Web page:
SYDNEY – Ten weeks before the start of the Olympics, Tokyo remains in a state of emergency, 60% of Japanese do not want the Olympics to continue, and only around 3% of them have been vaccinated against COVID -19.
Still, the message from the International Olympic Committee, local organizers and the Japanese government has been consistent – rushing ahead of the opening ceremony on July 23.
Their stance may seem counterintuitive to those still grappling with the daily deaths and hardships caused by the pandemic, but there has been a noticeable lack of dissent from the sports community.
This is in contrast to last year, when the voices of athletes and sports officials were at the forefront of a wave of opinions that led to a 12-month delay for the Games.
As IOC President Thomas Bach made it clear that another postponement was not an option, annulment would be the only alternative to prosecution.
This, according to Olympic swimming gold medalist Rebecca Adlington, would be “devastating” for the athletes.
“Athletes are dedicating their lives to something that only happens every four years, it’s been five years now and if that is canceled, (they) will have to wait three more,” the Briton told Reuters.
“Thousands of athletes will miss the opportunity to represent their country and win medals. It’s been five years of hard work, pushing their bodies to the limit.
IOC data shows that around 80% of athletes appear in only one Olympic in their career – careers that in some sports will be completed and dusted off in the eight years between the Rio 2016 Games and the 2024 gathering in Paris.
The athletes apparently weren’t put off by the conditions under which they have to compete in Tokyo, where the threat of the Olympics turning into a ‘super-prevalent’ event means isolation, regular COVID-19 testing and possibly be no crowd.
Foreign fans have already been banned as a decision on domestic crowds is expected in June. There were no spectators when Sebastian Coe, the head of world athletics and former Olympic champion, attended a dry run for health precautions during a test event in Tokyo last weekend.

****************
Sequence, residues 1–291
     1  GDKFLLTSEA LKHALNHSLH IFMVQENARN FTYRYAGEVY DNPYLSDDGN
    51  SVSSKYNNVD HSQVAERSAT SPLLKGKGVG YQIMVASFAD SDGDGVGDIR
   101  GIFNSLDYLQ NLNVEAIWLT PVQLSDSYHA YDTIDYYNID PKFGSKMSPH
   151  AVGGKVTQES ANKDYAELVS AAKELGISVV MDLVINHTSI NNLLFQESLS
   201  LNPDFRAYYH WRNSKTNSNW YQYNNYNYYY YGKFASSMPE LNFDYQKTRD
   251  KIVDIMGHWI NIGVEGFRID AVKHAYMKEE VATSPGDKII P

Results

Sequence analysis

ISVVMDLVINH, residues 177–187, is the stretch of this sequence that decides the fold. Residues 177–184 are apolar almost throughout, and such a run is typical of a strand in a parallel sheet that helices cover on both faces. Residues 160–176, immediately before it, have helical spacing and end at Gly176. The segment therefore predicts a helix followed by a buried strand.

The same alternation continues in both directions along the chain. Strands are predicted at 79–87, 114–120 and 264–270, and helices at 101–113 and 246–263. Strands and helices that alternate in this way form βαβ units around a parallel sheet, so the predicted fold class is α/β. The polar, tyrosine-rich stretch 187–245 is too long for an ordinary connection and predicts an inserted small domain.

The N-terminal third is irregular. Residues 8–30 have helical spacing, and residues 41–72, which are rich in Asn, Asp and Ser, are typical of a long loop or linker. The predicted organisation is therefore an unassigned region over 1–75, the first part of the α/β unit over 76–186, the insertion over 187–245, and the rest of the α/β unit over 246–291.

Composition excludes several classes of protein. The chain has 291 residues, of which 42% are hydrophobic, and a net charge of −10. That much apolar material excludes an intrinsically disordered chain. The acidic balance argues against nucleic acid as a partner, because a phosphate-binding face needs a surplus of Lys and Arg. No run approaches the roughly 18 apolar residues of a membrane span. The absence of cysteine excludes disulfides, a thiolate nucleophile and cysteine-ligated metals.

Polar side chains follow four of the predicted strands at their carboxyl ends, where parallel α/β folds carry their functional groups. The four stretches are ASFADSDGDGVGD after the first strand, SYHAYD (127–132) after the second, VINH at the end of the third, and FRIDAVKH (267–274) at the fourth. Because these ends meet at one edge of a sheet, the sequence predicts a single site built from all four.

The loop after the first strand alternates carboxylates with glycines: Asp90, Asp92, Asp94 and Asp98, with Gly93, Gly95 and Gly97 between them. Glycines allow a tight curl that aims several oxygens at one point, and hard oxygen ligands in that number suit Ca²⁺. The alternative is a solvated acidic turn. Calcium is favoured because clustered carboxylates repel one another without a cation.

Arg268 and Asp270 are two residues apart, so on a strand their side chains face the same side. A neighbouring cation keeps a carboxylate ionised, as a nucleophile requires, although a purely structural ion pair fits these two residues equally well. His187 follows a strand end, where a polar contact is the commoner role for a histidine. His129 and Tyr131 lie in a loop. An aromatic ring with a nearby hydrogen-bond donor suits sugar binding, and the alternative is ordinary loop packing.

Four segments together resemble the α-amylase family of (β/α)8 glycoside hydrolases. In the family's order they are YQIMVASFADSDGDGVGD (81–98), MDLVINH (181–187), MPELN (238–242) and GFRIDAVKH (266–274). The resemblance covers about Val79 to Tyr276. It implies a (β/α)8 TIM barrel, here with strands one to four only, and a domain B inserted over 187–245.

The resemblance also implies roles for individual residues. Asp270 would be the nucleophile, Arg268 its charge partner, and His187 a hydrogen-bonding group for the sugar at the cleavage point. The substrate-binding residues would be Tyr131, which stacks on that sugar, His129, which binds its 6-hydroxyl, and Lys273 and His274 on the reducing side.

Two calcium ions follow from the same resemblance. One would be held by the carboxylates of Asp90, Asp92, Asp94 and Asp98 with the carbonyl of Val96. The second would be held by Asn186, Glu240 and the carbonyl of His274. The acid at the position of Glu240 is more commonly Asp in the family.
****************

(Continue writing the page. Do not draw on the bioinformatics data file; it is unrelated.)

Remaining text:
“I talk to athletes all the time,” he said.
“The vast majority of athletes… understand that this won’t be the kind of Games they’ve experienced before… but they still know they would rather be here than sit down and dance. It is important to them.
World sprint champion Noah Lyles, who hopes to compete in his first Games, said he was not too concerned about his own health.
“I got the vaccine pretty early,” the American told Reuters.
“Now that the vaccine is much more accessible to people around the world, it gives me more security than going to the Olympics, it will be safer and we won’t have too many problems.
“Of course, everyone takes these extra precautions to make sure we don’t have to deal with it.”
Japanese tennis players Naomi Osaka and Kei Nishikori last weekend expressed concerns about the Games, calling for a “discussion” on the potential impact of 10,000 downhill athletes on their country.
Tennis is, however, one of the few sports where an Olympic medal is not the most prestigious award in the game, and it is the less prominent athletes who have the most to lose from the cancellation of the Games.
British climber Shauna Coxsey, whose sport is set to debut in Tokyo, said her desire to compete in the Games had only been heightened by the postponement.
“The wait has made people more worried, but in a good way more people want to go and get involved,” she told Reuters.
“I think the cohesion of the Olympic Games and the fact that they abolish so many borders and are a beacon of hope in some ways, with the delay, it has heightened the feeling about what the Games mean.”
New Zealand rugby sevens coach Clark Laidlaw said that, if he understood the reservations, he believed hosting the Games could be a ray of light in dark times.
“I really think that if it’s safe, and Japan thinks it’s safe, then it’s a real opportunity for people to inspire other people who are in a really difficult situation,” a- he told Reuters.
US academic Jules Boykoff, in an opinion piece for the New York Times on Tuesday, called for the Games to be canceled.
“The situation is crude but clear: the Olympic organizers are not prepared to sacrifice their profits for public health,” he wrote.
This is a familiar criticism of the IOC, which receives billions of dollars in television rights and sponsorships for the Games, but a criticism totally rejected by Vice President John Coates.
“If we were doing that, we would have pushed them last year. We didn’t, ”the Australian Olympic Committee (AOC) president said last weekend.
“I don’t want these kids to miss out on the only opportunity they have in their life. We are doing it so that these children can make their dreams come true. “
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